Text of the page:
Ready to Embark on Your First Marathon? Put One Foot in Front of the Other with these Four Essential Tips

To millions of Americans, the marathon is more than a race: it’s a symbol of self-discipline and commitment to reaching a long-term goal. Less than 1% of people living today can say they have conquered this remarkable achievement. Still, each year, over half a million marathon hopefuls across the nation will, after several laborious hours, cross that glittering finish line.

If you’re thinking of joining the ranks of the elite, you know you’ve got more than just 26.2 miles of pavement stretched out before you. The road begins months in advance, and starts when you decide to take the first step.

Here are some training tips for your marathon debut.

Train to Fit Your Lifestyle

Advice on training plans is as plentiful as the World Wide Web will allow. You can find training plans that will ease you in over 20 weeks, or ones that have you ready in as little as 12 weeks. Some boast the most “6-mile or less” days, or the most total rest days.

Our advice? Find a training plan that works for you and your family. Training for a marathon is all about getting into the right habits, and habits are easier to form when they more closely align with your normal routine. Plus, the more your marathon training plan resembles your regular exercise plan, the less likely you’ll suffer an injury..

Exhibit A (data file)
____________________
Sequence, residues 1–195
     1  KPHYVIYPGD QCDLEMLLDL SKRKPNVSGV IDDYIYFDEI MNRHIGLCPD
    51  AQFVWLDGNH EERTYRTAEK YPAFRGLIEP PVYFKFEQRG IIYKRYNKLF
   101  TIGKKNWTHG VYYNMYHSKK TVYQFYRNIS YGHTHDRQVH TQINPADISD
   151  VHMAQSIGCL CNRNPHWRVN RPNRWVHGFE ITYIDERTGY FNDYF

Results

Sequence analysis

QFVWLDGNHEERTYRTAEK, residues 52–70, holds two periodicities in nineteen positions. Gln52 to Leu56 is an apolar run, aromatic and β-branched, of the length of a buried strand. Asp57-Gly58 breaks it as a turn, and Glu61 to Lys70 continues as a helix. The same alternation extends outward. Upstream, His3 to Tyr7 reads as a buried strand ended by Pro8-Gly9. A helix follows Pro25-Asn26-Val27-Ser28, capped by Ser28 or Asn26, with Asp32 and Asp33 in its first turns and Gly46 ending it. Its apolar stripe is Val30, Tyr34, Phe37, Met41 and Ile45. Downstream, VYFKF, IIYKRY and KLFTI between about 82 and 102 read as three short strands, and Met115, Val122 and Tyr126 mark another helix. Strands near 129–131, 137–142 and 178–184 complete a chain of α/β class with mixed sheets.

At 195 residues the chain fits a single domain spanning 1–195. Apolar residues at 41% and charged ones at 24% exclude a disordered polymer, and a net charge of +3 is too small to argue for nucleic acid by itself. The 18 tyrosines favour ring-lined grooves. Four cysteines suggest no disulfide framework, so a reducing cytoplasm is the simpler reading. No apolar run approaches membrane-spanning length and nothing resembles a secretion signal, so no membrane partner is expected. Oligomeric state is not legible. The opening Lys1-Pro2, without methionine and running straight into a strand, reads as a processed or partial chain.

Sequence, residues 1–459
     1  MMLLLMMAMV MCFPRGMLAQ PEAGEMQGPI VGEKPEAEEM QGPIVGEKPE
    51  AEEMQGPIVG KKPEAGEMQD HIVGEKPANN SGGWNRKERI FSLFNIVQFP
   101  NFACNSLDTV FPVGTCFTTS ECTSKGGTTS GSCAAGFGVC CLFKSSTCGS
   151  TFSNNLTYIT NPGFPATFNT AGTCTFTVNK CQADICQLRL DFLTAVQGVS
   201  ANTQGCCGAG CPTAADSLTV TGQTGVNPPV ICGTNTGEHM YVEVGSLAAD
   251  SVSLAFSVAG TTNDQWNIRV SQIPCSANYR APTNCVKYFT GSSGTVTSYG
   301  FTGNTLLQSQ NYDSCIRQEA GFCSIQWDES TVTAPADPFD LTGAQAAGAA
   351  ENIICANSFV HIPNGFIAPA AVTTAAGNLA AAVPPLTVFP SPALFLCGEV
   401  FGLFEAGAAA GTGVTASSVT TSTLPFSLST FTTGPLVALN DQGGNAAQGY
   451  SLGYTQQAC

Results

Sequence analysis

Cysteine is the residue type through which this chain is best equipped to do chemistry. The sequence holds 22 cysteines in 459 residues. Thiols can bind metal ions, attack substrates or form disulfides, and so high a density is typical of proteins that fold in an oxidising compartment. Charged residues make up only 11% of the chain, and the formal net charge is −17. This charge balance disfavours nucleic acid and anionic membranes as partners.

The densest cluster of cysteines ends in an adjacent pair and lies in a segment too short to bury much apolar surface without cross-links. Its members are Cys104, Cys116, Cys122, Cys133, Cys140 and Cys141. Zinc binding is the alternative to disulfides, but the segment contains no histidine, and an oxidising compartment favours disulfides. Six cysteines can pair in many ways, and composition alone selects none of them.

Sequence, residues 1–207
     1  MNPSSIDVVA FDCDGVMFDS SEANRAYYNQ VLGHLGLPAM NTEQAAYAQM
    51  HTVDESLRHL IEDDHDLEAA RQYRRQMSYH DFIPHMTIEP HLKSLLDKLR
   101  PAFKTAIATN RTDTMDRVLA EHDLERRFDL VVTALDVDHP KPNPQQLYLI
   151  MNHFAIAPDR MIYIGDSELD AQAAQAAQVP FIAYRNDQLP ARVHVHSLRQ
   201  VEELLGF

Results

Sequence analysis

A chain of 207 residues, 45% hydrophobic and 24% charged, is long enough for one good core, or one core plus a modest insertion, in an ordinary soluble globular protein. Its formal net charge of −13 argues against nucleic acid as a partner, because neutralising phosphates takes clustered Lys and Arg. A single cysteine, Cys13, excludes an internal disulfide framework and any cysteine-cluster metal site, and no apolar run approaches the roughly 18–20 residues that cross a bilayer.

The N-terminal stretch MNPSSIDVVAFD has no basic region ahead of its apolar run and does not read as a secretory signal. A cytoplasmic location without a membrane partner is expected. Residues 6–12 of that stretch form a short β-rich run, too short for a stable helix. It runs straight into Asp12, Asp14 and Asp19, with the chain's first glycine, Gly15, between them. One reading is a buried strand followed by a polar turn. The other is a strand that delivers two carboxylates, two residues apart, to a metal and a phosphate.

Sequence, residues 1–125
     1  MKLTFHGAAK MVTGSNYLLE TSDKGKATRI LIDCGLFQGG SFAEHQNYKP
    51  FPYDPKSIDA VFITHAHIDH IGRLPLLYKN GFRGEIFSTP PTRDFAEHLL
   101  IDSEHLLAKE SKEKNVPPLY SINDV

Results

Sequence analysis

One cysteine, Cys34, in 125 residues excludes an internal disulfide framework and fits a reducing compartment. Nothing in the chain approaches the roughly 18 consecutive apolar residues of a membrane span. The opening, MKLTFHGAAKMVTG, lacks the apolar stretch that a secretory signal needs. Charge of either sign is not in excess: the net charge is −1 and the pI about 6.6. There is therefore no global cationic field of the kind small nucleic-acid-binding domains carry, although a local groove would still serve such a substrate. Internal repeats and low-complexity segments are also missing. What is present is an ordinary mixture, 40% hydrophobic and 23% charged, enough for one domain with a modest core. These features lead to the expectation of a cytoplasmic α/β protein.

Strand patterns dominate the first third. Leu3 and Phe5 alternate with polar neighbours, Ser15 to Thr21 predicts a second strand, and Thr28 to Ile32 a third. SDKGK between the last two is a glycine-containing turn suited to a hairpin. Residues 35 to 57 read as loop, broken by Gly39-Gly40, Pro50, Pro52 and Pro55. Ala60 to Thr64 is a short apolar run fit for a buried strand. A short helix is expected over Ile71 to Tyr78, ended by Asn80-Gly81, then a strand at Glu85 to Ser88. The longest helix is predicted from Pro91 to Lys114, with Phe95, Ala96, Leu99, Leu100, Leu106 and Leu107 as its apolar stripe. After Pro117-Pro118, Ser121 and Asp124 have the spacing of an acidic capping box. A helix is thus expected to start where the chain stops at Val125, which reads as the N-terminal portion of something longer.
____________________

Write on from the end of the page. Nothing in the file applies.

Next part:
training for your first marathon

Find a training plan that works with your schedule and starts with runs (or walks) similar to your current activity.

Don’t Shy Away from Long Runs

Although you can find advice to the contrary, avoid tips from charlatans who profess that you can “run faster with fewer miles.” Marathon virgins need to face the uncomfortable fact that a marathon is a very, very long, long, loooooong run.

Let’s allow this reality to sink in, shall we?

Now that we’re all staring down the same gun barrel together, let’s jump back into your mileage strategy.

Get comfortable running long distances well before the Big Day. Make sure at least 2 – possibly even 3 – of your training days include a 20 or 21 mile jaunt.

You should also be gradually increasing your weekly mileage as you approach race day. Adding that extra endurance during training will give you the boost you need to keep pushing when you need it most. Add your extra miles to your longest or second-longest running days of the week.

Level Up with Cross Training

The best marathoners think outside the white lines. Prepare for your marathon by including several different types of exercise to build endurance, speed, strength, balance, and overall fitness for one of the greatest athletic feats you’re likely to undertake.